When six couples come on stage at the start of Christopher Wheeldon's Rhapsody Fantasisie, it is an arresting an image as anything Wheeldon has choreographed before. The women were carried horizontally from the wings like human crosses over the stage. In vermilion jersey dresses and blunt-edged harem pants on the men, Mary Louise Geiger's cold lighting seemed to turn the dancer’s skin tones to a deathly pallor against the bright reds of their costumes (designed by Calvin Klein's Francisco Costa). If these were sentinels of the underworld, or ghosts perhaps, Wheeldon's characteristically individual choreography gave them the death-mocking vivacity of pulsing blood.
It is Wheeldon's arrangement of his dancers in intricate tableaux mixing refined with blunt and even perverse shapes that keeps us engaged. Similarly his smaller couplings are full of the unexpected. When Wendy Whelan and Andrew Crawford enter for their pas de deux, Whelan's head is cupped in Crawford's hand and is gently pushed like a ball, where it bounces back up and down, the figure is repeated back with Crawford’s head. This interplay, both odd and delightful, is mirrored by Rubinal Pronk’s entrance where is partner’s head seems to bounce on his puffed up chest a movement he mirrors on hers. These moments are full of play and seem to say that, no matter how serious or high art the enterprise, just below the surface is a delight in movement where bodies can bounce off one another like helium-filled balloons. Pronk, by the way, is a man to watch, a Dutch dancer of feral grace whose body is closer to liquid mercury than flesh and bone.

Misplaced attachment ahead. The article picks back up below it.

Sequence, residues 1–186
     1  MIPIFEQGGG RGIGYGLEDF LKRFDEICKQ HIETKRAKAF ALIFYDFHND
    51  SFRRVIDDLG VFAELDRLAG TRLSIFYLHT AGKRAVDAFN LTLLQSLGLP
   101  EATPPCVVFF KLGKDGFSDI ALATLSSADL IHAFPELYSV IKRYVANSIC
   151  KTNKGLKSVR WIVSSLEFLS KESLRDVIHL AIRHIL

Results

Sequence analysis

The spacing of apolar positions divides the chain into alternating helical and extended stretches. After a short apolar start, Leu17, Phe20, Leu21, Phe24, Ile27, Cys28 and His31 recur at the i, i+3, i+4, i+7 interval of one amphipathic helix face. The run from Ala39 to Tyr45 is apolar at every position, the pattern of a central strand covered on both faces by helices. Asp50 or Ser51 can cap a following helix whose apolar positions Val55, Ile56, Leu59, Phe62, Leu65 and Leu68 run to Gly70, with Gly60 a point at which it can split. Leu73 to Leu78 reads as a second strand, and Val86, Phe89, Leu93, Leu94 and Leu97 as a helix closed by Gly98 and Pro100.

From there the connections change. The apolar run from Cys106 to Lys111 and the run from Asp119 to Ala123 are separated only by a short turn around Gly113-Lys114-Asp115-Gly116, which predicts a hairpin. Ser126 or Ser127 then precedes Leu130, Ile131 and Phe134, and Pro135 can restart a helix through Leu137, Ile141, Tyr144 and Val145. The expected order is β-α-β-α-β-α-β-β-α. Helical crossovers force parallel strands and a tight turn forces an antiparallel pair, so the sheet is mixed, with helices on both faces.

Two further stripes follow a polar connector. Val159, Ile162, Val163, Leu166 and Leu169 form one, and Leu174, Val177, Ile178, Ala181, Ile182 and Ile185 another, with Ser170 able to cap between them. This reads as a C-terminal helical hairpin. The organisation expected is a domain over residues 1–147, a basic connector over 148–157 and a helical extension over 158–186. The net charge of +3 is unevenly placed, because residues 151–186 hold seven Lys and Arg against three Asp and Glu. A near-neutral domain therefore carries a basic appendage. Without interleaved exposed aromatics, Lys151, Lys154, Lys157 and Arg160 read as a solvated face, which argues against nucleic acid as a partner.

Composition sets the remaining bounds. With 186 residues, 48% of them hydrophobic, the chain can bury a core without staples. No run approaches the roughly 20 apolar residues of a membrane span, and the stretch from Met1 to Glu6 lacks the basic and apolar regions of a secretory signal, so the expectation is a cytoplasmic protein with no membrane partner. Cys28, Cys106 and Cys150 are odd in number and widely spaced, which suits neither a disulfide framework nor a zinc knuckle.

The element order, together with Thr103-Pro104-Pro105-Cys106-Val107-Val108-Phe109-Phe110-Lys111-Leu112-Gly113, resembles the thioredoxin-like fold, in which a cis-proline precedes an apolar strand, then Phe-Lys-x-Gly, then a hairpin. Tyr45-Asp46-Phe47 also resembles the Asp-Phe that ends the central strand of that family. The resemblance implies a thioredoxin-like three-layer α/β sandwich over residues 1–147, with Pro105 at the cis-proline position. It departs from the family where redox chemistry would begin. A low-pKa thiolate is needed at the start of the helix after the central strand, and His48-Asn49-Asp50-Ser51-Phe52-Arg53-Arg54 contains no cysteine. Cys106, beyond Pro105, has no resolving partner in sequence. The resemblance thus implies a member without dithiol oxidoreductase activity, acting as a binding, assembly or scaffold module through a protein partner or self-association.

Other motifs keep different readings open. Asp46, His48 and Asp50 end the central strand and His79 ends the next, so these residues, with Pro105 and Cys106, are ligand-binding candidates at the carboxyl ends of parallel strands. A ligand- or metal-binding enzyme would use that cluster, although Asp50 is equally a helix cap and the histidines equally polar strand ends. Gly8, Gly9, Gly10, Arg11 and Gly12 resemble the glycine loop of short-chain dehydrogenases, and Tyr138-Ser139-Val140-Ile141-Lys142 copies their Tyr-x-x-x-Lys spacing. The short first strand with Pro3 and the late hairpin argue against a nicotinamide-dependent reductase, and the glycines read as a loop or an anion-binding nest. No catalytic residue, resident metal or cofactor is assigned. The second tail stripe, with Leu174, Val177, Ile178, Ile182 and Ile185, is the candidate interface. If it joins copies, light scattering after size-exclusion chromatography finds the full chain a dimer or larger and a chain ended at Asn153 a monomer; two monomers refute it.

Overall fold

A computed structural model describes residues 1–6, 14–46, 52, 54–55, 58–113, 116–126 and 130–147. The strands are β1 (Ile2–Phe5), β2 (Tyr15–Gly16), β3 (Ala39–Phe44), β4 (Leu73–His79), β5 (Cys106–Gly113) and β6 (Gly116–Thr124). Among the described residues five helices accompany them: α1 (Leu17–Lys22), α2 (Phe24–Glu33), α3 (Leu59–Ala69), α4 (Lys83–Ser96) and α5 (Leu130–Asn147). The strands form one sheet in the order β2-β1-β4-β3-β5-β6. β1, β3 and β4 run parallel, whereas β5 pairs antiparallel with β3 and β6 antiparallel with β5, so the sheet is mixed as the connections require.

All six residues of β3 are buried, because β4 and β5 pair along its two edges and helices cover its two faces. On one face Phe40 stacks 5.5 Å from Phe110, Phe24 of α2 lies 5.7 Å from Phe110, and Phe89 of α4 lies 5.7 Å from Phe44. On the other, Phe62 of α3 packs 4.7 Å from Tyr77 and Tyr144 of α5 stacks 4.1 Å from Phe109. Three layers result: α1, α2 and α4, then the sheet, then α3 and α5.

Fancisco Costa's costumes and artist Hugo Dalton’s projected sketches of dancer’s faces, bodies and hands are collaborations which Morphoses celebrates, harking back to the great Ballet Russes and Diaghilev’s explosive melding of avant garde musical and artistic talent. It’s impossible to imagine such combinations today causing the controversies of hundred years ago. In fact, there is something so slick and seductive about Wheeldon’s work and his creative partners, that he’s thus far producing a chic aesthetic that satisfies the super-refined tastes of the New York and London balletomanes. As a dance populariser, a role which he'd like to claim, we'll just have to wait. But as one of the aforementioned balletomanes, he needn't hurry.